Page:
Part of the culture of mathematics is to create a list of important mathematics problems and offer a reward for solving them. The Clay Mathematics Institute is currently offer $1,000,000 to anyone who can solve one of seven problems. Grigori Perelman famously solved one of the problems: the PoincarĂ© Conjecture (he also famously declined the million dollars).

A second paper has been submitted; this time, a proposed solution to the “P vs. NP” problem. If true, Vinay Deolalikar will be awarded $1,000,000.

This will not be sorted out for several months (at least), but people generally seem to agree that he has a chance (i.e. he is not a crank). Still, there is quite a bit of skepticism. Several experts have concerns about aspects of the proof, although they are not certain that any actual errors exist. Plus, Scott Aaronson has wagered $200,000 of his own money that an error will be found in the proof.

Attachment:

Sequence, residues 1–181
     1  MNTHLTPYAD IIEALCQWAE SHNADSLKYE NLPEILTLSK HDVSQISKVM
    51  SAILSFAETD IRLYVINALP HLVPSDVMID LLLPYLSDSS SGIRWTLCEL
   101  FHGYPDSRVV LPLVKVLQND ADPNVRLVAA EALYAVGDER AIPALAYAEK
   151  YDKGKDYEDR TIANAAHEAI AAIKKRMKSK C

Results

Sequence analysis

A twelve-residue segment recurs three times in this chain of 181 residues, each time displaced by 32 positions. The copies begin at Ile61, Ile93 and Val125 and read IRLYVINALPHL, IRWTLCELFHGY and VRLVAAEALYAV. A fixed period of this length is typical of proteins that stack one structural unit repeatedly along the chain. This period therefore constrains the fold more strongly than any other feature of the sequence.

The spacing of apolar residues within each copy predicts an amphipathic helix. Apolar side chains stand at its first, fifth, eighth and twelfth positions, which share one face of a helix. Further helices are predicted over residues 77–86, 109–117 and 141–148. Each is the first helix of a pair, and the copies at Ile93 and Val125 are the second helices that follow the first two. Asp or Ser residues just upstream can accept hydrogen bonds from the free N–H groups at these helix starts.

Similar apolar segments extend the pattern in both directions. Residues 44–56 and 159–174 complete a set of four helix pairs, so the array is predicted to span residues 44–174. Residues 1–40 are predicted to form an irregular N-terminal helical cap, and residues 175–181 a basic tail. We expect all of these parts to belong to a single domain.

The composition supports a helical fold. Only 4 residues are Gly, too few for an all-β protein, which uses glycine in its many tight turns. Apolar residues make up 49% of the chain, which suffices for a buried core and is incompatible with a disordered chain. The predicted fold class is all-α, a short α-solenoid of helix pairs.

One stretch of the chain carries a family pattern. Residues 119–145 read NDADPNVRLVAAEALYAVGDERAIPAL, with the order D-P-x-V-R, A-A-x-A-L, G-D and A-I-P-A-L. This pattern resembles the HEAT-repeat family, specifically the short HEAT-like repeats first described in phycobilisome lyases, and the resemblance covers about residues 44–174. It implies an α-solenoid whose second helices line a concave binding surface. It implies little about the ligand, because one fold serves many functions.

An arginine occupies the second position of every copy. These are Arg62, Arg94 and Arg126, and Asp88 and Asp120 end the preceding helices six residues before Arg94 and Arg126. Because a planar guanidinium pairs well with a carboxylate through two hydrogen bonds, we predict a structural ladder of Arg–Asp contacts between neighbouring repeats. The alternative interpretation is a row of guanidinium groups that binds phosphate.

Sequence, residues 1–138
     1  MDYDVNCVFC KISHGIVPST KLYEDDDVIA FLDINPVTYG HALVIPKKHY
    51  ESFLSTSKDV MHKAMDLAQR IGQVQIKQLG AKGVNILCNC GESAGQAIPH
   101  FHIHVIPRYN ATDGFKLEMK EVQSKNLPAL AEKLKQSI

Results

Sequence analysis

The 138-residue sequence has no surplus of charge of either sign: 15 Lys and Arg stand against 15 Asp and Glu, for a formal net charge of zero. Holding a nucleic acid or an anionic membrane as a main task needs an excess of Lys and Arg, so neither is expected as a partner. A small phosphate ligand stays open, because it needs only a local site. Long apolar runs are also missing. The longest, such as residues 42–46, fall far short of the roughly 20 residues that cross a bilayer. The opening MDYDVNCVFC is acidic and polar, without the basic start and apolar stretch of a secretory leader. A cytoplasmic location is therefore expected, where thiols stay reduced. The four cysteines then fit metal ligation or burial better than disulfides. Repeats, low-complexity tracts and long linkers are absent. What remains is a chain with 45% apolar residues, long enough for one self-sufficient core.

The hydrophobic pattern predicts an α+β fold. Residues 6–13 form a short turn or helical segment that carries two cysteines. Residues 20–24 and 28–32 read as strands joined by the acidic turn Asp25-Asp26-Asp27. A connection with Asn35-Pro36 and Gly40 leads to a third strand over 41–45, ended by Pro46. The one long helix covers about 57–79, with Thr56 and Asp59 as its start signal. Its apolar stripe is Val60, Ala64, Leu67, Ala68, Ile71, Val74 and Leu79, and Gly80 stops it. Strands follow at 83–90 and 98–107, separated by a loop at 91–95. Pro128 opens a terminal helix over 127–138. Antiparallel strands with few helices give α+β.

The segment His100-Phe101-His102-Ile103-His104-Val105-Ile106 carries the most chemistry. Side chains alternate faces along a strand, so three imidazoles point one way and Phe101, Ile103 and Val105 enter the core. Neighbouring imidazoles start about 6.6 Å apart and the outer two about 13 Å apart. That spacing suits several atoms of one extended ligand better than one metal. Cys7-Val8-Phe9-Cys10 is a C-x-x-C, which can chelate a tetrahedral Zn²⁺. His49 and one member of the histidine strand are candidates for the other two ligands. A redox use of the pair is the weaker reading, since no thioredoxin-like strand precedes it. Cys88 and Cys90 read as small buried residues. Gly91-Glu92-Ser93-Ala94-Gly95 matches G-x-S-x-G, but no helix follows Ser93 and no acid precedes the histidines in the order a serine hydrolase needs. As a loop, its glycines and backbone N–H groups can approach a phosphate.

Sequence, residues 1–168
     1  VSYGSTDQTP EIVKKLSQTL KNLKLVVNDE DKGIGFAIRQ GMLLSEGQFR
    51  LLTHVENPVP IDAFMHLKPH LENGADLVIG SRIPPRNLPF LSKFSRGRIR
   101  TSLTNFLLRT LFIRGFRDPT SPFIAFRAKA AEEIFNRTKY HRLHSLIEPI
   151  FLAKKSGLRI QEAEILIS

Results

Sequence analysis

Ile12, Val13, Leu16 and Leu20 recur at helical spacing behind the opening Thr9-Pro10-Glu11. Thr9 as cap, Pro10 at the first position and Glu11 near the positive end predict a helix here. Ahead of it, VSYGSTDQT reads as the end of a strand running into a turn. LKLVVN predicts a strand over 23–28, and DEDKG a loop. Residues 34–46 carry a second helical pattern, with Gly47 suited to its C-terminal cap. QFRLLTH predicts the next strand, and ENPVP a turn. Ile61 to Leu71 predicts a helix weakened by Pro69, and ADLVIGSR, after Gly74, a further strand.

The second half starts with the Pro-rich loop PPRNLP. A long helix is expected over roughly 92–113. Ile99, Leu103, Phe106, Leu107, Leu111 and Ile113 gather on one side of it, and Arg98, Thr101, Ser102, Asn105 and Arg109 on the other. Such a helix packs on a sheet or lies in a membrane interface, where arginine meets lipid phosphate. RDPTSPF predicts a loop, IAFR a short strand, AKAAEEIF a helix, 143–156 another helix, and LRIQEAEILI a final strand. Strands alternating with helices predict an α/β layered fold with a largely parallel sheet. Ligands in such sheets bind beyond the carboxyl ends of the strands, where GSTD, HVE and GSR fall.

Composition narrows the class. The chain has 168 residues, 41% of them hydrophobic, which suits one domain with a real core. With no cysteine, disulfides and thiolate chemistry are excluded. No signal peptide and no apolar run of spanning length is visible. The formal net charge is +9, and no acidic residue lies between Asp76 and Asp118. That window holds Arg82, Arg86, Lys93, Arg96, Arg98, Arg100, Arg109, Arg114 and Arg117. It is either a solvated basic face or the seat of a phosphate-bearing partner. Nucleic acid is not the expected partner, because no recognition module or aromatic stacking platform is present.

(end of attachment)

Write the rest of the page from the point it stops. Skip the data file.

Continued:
Even if Deolalikar has a correct proof, there would still be $5 million left (five questions at $1 million per question) in prize money. You should probably start working now.

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Tags: Millennium Prize Problems

This entry was posted on August 10, 2010 at 3:21 pm and is filed under Uncategorized. You can follow any responses to this entry through the RSS 2.0 feed.
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September 7, 2010 at 2:54 pm |

For people who are really intent on becoming a millionaire, this has to be about the hardest way to go about it!

September 7, 2010 at 4:29 pm |

Sure, slow and steady investment is much easier; but solving a really hard math problem is a much more fulfilling way of earning a million dollars!

At least, I am guessing this is true. I have not yet solved a math problem for a million dollars yet. Nor have I become a millionaire. Perhaps I do not have much authority in this conversation…

Bret

January 2, 2011 at 2:48 pm |

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